An anniversary campaign like this shines a light on a shared history, telling the stories that we should but often don't know.
Assistant Editor, BITE
2019 marks fifty years since the Stonewall Uprising in New York, which started the modern Pride movement. Honouring 50 years of queer revolt, the Pride Jubilee campaign borrows royal Jubilee theming to mark the moments that the LGBT+ community deemed most important.
Pride is celebrated every year around the world. Rainbows adorn flags, brand signs change colour and glitter sells out everywhere. But the origins of the modern Pride movement stem from the Stonewall uprising that took place in 1969 in New York. The demonstration came as a protest to the police raid on the Stonewall Inn and a year later, the LGBTQ community gathered to honour the Stonewall riots, creating the first ever Gay Pride marches.
The Pride marches celebrate their 50th anniversary this year so BMB have created a celebratory film marking iconic moments in the history of the LGBTQ community. These are the moments that the community view as the most defining and include news footage from the first UK Pride Rally in 1972 through to the devastating AIDS crisis and onto the day when same-sex marriage was legalised.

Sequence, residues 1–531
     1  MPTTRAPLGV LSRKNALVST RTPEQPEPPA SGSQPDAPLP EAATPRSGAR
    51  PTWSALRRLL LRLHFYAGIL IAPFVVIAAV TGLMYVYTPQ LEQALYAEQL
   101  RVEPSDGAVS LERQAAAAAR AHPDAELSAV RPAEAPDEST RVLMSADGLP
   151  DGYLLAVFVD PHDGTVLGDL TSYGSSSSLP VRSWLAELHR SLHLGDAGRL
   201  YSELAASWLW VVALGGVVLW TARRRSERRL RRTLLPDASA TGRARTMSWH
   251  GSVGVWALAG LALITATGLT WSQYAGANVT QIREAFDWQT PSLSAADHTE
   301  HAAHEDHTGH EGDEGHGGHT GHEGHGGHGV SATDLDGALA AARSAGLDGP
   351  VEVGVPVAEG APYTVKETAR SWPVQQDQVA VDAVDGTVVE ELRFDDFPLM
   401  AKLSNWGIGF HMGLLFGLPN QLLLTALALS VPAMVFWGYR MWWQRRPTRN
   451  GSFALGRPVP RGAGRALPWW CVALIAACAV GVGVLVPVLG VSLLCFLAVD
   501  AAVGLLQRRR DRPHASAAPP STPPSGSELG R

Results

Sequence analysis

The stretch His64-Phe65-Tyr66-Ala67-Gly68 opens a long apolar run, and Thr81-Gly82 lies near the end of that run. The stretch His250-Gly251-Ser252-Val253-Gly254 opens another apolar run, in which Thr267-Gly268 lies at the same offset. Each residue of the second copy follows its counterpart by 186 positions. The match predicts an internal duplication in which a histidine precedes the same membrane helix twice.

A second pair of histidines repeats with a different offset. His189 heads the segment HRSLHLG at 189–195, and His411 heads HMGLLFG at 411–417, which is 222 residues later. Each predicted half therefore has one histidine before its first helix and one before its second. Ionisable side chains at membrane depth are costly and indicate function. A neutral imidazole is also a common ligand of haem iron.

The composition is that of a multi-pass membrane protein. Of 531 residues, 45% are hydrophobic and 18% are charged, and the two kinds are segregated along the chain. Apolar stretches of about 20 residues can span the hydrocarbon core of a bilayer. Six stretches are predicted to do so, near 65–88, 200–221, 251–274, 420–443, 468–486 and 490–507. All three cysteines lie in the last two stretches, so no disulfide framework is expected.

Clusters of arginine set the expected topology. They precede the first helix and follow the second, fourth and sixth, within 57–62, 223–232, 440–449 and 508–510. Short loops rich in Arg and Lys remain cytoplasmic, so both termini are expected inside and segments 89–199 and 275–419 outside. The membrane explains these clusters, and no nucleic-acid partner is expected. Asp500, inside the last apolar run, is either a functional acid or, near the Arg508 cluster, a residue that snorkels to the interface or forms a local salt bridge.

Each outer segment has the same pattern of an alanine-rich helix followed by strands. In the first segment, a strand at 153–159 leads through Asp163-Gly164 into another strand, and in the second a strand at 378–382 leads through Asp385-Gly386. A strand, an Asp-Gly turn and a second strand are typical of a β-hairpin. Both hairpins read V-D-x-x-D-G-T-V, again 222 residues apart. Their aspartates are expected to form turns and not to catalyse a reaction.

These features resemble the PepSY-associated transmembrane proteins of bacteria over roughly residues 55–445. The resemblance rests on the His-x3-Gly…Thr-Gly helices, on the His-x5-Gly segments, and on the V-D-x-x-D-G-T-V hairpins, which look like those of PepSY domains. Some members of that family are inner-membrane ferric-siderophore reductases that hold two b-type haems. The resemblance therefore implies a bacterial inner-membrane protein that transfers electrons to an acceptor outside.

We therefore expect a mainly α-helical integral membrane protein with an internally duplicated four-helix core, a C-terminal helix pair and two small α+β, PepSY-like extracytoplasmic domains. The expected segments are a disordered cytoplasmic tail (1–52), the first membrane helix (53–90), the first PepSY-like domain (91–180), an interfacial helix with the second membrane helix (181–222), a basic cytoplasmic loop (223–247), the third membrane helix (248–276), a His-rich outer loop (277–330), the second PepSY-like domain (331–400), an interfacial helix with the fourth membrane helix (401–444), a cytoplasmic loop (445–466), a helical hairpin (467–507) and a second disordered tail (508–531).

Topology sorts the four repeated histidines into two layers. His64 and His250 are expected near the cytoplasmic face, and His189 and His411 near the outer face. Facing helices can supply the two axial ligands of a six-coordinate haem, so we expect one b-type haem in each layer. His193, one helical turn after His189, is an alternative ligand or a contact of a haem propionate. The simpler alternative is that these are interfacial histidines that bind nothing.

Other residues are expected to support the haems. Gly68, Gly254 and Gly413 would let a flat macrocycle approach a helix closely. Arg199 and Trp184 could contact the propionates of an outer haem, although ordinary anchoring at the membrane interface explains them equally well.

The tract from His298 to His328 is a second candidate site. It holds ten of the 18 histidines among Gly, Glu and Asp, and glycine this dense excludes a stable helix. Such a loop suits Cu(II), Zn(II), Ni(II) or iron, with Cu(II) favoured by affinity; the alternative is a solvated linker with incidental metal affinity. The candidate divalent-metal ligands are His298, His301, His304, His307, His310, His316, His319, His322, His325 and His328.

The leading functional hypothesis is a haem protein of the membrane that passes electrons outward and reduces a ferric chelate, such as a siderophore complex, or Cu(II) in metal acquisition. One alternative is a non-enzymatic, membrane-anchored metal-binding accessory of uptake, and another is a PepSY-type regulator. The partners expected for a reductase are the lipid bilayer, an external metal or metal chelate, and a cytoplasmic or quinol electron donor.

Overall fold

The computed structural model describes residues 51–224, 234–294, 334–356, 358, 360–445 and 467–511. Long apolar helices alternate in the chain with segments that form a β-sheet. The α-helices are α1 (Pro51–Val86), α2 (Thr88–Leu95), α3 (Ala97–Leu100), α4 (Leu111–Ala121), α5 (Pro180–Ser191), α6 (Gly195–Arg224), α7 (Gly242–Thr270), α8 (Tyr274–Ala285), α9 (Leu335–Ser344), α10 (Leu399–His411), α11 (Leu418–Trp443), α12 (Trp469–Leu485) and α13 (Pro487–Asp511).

Earlier in the year as part of the planning for the film, Pride in London put out an open call to the community for their memories and stories of the events that helped make Pride what it is today. The LGBTQ cast of the film re-enact these moments that begin with the Stonewall uprising and move through the decades until reaching the present day and the continuing fight for trans rights.
Stats compiled by the Home Office revealed that hate crimes against transgender people rose by 81% in the 12 months prior to April 2019. This is something the Home Office attributes to better reporting but is still indicative of British society today.
What's poignant about this anniversary campaign is that, whilst celebrating pivotal moments, it also acknowledges the injustices still to fight for, both in the UK and around the world. A film like this shines a light on a shared history, telling the stories that we should but often don't know.